An exploration of foundation phase teachers' pedagogical content knowledge (PCK) for teaching literacy in a multi-graded classroom in rural context.
Mzimela, Patience Jabulile.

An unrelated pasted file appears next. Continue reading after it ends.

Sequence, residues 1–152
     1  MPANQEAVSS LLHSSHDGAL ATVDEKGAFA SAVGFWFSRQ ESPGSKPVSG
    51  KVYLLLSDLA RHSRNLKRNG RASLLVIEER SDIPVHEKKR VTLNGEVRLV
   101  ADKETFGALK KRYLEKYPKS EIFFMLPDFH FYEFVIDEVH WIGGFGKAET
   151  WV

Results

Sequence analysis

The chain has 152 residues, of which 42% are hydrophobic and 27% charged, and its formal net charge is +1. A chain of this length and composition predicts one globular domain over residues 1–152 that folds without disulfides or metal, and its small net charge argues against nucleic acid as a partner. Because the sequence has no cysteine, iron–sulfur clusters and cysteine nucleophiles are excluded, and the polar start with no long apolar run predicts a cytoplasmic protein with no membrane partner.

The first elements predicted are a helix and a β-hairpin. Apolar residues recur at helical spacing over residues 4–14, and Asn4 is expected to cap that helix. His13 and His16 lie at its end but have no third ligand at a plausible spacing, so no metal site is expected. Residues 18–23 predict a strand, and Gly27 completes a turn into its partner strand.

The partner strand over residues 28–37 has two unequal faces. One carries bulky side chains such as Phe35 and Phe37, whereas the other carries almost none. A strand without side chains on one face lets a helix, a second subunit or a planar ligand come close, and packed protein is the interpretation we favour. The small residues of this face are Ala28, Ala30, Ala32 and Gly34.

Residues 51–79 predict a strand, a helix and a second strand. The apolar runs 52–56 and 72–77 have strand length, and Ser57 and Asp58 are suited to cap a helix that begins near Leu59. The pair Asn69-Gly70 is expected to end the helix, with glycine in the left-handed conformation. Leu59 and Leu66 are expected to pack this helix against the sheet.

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Rural schools in South Africa often face numerous challenges that are largely aggravated by low numbers of learners, low numbers of teachers and a shortage of teaching and learning resources, to mention a few. Hence, the provision of one teacher per grade is perceived as a luxury in many rural schools. Consequently, such challenges have led to many rural schools being affected by multi-grade teaching. Multi-grade classes have more than one grade in one classroom, usually those grades that are close to each other. For instance, Grade R and Grade One learners will be taught in one class by the same teacher. This research study therefore focused on teachers’ pedagogical content knowledge for teaching literacy in a multi-grade foundation phase class. The teaching of reading in isiZulu Home Language was singled out as the literacy component to be investigated. Teachers at the foundation phase need to have a distinctive body of knowledge as they have to be able to blend content in literacy and the appropriate methods of teaching each literacy component. They need to understand how to organize each component of the content and how to deliver it accurately to learners through appropriate methodologies. Moreover, it is imperative to understand that it is a complex process for teachers to intersect content knowledge and pedagogical knowledge. The process becomes even more complex for teachers who teach in a multi-grade class. Reading as a literacy component was put under a particular lens as teaching and assessing this literacy component in a multi-grade context is highly challenging. This was an exploratory case study that was embedded in a qualitative research methodology. A primary school from Ndwedwe Circuit in the KwaZulu-Natal province was purposively sampled. Empirical data for this study were collected from this rural school because it was practising multi-grade teaching in all phases. To collect the data, teachers teaching multi-grade classes were interviewed using semi-structured interviews. Observations were also done during the teaching process and relevant documents were analysed. The documents that were interrogated included daily, weekly and monthly work plans, class timetables, and the school’s calendar. The findings suggested that teachers relied on traditional methods of teaching as the context was complex and beyond their professional capabilities. This study was therefore aimed at contributing to the discourse of how teachers in rural contexts can be trained on multi-grade teaching in order to provide them with appropriate pedagogical knowledge and skills that will empower them to support teaching and learning across grades.